TCS Daily

Think Tanks on the Move

By Pierre Garello - January 13, 2005 12:00 AM

All of us have been in contact with ideas of freedom for years or even decades and we have embraced them whole-heartedly. But once people get these ideas, how do they go about developing them? In particular, how do they put them into action? And what is the point of fostering good ideas if you can communicate them to no one?

The past year was exceptional for European free-market institutes. It was marked by two new significant events that aimed precisely at providing the keys to answering such questions: the first meeting of the European Resource Bank, held in Borovets, Bulgaria, and the first European think-tank school, organized in Vilnius, Lithuania.

The idea of a Resource Bank is simple: to gather individuals who share the same values and goals, and to exchange with them experiences and ideas. For, indeed, the "ultimate resource" available in order to bring wealth and peace to this world is made of those individuals who are attached to the principles of property and responsibility and are anxious to implement them.

Hence about 80 individuals from 20 countries and around 30 think tanks and institutes of all sorts met in Borovets, Bulgaria, on October 29-30. Among representatives from the "old" and younger think-tanks were those from the new ones presenting their brand or sometimes just a desire to start NGO activity. To this list must be added individuals who came to the meeting to share their particularly rich experience, such as Mart Laar, Barun Mitra, Hans Labohm, and Milen Veltchev. (More information can be accessed at

One may wonder whether it is not an old-fashioned idea to meet physically while it is so cheap nowadays to communicate through the Internet or cell phones. Why should busy people spare several days to join a conference in a remote corner of Bulgaria's Rila Mountains?

The event in Borovets confirmed there were a number of compelling reasons for doing so. One way to put it is by referring to Friedrich von Hayek's distinction between tacit and scientific knowledge: on the web you can get the "scientific knowledge" -- knowledge about new policies implemented here and there, knowledge of arguments designed to oppose silly policies, knowledge about good books, about history.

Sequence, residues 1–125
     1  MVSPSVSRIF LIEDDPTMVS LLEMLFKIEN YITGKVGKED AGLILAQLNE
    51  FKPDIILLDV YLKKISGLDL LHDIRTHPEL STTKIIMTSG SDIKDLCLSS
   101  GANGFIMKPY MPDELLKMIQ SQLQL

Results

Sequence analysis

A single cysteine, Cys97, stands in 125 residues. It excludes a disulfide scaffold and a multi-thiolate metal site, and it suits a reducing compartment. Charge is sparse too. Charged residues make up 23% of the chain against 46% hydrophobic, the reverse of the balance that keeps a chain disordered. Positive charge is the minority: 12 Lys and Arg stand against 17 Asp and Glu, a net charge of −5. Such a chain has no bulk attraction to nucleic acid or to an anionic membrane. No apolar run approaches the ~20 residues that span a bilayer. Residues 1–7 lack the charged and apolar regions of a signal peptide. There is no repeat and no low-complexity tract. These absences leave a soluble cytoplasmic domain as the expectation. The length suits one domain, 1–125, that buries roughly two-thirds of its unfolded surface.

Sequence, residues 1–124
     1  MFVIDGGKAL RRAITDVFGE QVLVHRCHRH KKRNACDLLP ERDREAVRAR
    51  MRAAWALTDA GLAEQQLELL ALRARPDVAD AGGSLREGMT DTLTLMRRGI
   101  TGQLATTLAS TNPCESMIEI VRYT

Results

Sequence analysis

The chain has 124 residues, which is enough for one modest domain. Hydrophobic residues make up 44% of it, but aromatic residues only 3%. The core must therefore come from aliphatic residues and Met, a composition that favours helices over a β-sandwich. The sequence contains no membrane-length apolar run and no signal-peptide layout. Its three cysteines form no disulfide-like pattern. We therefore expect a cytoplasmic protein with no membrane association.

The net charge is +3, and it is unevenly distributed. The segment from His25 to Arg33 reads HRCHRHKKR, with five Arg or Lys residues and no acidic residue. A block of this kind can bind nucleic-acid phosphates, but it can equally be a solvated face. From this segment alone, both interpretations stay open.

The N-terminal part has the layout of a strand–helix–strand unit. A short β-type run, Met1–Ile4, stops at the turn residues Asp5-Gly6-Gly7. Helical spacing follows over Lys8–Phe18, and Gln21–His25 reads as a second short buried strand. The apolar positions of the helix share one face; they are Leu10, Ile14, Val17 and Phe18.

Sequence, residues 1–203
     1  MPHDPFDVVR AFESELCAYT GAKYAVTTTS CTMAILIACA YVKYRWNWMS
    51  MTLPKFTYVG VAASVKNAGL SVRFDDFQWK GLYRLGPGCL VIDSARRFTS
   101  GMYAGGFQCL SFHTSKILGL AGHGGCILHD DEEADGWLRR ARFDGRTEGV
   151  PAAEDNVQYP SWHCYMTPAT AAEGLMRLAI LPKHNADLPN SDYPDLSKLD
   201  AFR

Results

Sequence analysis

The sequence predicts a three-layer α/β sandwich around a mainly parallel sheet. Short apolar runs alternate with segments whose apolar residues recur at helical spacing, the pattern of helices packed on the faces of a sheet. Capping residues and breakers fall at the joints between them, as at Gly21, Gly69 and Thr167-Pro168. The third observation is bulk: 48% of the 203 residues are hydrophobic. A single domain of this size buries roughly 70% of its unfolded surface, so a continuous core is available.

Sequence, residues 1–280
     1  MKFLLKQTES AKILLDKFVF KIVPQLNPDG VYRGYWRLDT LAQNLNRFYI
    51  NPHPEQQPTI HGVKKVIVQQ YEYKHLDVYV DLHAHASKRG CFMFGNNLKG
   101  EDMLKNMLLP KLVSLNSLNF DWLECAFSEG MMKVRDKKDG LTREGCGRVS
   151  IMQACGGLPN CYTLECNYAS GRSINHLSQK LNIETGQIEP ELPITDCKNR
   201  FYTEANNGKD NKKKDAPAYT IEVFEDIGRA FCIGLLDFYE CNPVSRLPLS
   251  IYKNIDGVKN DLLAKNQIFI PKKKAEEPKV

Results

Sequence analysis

During a Resource Bank meeting people get the "tacit knowledge" -- knowledge about individuals, about how to present an argument, about the intensity of some fears or convictions, about what issues, according to colleagues, should receive priority ... plus an array of other things that you will never find in a book or on the net. Both types of knowledge are complementary and necessary for success.

The second event was organized by the Lithuanian Free Market Institute (LFMI). LFMI got the idea for the first European think-tank school from the need that the institute as well as many of its partners had experienced during more than ten years of work, the need to deepen the knowledge, and to improve the skills, of think tanks and their staff.

In Europe and in the United States one can find many books and manuals about the management and fundraising of non-profit organizations, among which public policy institutes belong. However, during various meetings and events leaders and staff members of non-profits continuously point to a lack of practical knowledge and experience as well as a lack of time to acquire such know-how. Non-profit organizations also do not have time to take the long theoretical courses that educational establishments offer, and consultancy services are for many unaffordable.

These assumptions urged LFMI to offer a unique form of exchanging practical knowledge among public policy institutes, a think-tank school. The first think-tank school in EU member-states was organized on November 11-14 in the capital of Lithuania, Vilnius. This was a several-day seminar during which representatives of think-tanks taught one another by drawing on their own experience and practice.

Topics for the seminar had been offered and announced in advance. They were introduced by organizations that are prominent and acknowledged leaders in the given areas. The school brought together 22 representatives of various public policy institutes from 12 countries. Participants were selected based on their needs to enhance skills and their possibilities to share experience. The invitees included not only public policy institutes from the EU member states and acceding countries but also representatives of neighboring countries. This was meant to create conditions to share more diverse experience and to advance cooperation among think-tanks in a broader region. The school gathered together mainly leaders of public policy institutes.

Alberto Mingardi from Italy's Bruno Leoni Institute, who was among the seminar participants and speakers, said of the school, "Among the many events organized for advancing cooperation among free market think tanks, the think tank school stands alone as far as quality is concerned. It was very exciting to stay in a group of people highly determined to change the world for the better, and eager about improving the quality of their work in shaping the public opinion. If some others can follow your path, all over Europe, perhaps our battle is not lost."

The participants of the first think-tank school not only supported the LFMI's initiative to hold more think-tank schools in the future. They also announced their plans to hold such events themselves.

Pierre Garello is Director of Academic Affairs, IES-Europe, France

Ugnius Trumpa is President, Lithuanian Free Market Institute



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